Thursday, December 30, 2010

Product Review: Naarden F4i Saggy Ass Link

I finally have a bike that runs for more than a session so I had a chance to throw on' new SL200 Saggy ass Fix Suspension Link. It is supposed to change the whole compression ratio/angle of the ass end. F4i's are known for having a sloppy rear. So hopefully this will do the trick.

I will go step by step here to show you exactly how to install it:

First I threw a jack under the header pipe to pull the weight off of the rear tire. Next I loosened up the bolts on the stock suspension link(Ratchet+17mm socket and a 14mm box-end wrench)
Then it was on to loosening the bolts holding the stock arm.
 If you look here I inserted a 8mm allen wrench in and let it jam up against the bike then on the opposite side loosened it with the 17mm socket(This is great doing this swap solo)
With all these bolts loose you will notice that you can't really pull them out in place. So with a wiggle of the swingarm up and down you are able to get the bolts out and it will start taking more pressure off the others. And shizam the stock links are off.

Now was kind of the tricky part. In most cases, the stock arm will pull right out. And of course, that was NOT the case for me. So I had to loosen the two brackets that the arm mounts to. Here is another trick of how I loosened these myself by wedging the 14mm socket against different parts of the bike.

Waahhlahh. Its out. And its off to the presses! Well, actually I decided to do it in a standard vise that most of you have in your shop. This will make this alot more useful(for all you ballers, you know how to handle this in your 50ton press. DOWORK).

So the setup I used is pretty basic. I found roughly a 3/4-1" piece of pipe and used it on one side of the arm(this will allow the bearing to be pushed out of this side). On the opposite side I used that same 17mm socket we had before, only now I took a 3" extention and put it in the wrong side of the socket(where you would usually have a bolt). This will allow us to push the bearing all the way through th e arm with as much surface area as possible. We do not want to damage the bearings.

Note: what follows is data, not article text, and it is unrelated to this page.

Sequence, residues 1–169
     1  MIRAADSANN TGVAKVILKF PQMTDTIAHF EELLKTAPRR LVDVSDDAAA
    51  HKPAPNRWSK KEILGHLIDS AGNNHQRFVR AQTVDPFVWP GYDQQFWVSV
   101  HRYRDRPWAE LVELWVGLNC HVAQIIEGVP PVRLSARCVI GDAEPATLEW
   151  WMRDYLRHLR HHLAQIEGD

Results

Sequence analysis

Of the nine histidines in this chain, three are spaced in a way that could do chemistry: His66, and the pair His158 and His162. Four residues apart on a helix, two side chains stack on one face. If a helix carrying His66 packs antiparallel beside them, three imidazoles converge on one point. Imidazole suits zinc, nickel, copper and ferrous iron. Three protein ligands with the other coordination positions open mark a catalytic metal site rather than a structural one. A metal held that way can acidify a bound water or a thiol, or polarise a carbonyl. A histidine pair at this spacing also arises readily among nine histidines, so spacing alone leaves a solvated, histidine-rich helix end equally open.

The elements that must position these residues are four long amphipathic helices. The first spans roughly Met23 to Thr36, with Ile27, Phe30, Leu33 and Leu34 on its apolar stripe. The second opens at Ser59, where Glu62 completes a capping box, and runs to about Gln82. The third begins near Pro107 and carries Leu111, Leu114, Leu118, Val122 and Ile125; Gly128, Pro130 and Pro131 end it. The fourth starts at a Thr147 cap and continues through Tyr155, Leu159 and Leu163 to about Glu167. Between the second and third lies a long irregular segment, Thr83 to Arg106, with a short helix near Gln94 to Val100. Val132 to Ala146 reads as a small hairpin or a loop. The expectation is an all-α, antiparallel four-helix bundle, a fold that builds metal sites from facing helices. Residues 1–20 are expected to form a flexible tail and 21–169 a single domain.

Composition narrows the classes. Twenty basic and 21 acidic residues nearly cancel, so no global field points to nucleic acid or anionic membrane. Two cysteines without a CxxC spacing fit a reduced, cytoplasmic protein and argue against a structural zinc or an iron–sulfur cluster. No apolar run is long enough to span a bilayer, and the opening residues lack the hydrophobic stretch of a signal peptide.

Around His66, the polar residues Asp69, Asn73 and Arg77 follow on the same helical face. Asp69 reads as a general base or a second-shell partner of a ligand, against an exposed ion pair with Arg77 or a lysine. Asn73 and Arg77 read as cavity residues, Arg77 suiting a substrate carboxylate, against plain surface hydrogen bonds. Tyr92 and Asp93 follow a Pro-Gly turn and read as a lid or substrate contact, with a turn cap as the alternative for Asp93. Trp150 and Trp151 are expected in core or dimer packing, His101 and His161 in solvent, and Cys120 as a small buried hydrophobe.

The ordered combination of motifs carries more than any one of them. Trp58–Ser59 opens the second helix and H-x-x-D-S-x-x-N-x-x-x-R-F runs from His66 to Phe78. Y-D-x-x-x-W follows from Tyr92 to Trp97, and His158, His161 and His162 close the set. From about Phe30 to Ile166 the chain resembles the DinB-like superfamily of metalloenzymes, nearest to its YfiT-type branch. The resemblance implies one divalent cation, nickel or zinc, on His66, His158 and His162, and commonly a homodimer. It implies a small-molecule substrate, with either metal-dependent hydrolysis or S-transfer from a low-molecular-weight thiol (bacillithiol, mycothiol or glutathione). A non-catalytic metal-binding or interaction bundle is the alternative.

FIRST - Be sure to pop out the bushings inside. Also, take a very small flat head screw driver and pop off the seals. Set these aside for later.

Chuck these up in the vise and start applying pressure. And Repeat until both bearings are out.

Now its time to press them into the new arm. I popped in one oil seal flush with the side, then laid a rag over the vise jaw that would contact my fresh shiny Naarden link. Pressed them in with the same setup until it became flush with my oil seal. Then pop in the other and repeat! Boom. Now just reverse the removal instruction and you end up with this!

(I noticed that the letters A L S are engraved. I assumed this was for Arm, Link, Shock - or something like that so I assembled it as such). Tighten all bolts and go ride!

Part of loosing the bet to get this link! A few more riddled on
the bike as well.

Ok, so I went out and rode with this thing on and here is what I think so far.
Well temp was about 30deg F outside. Tire was fairly cold, and did not get so much as a spin or slip doing a sitdown. Effortlessly comes up. Feels alot more crisp on throttle/brake inputs. Also, dipping in on circles and making body adjustments were more smooth because I didn't have the delay of the rear squatting and then rebounding. After a couple hours riding I decided to huck up a few stoppies, and they came up very smoothly. This bike has a 600rr front end on it, but I have rode a stock linked 600rr front f4i and it would still occasionally push the front end. The couple times the tire washed out the rear tire was already off the ground. Drifting - As far as drifting goes this link REALLY changed it for me. Not for the best because I didn't spend much time on it but I can tell the bike reacts waaaay different on gassing out(could also be the tire I just put on). Played it safe. And I will check back with another update after more seat time! LATER HATER!
If you want to get this must have part follow the links on over to!

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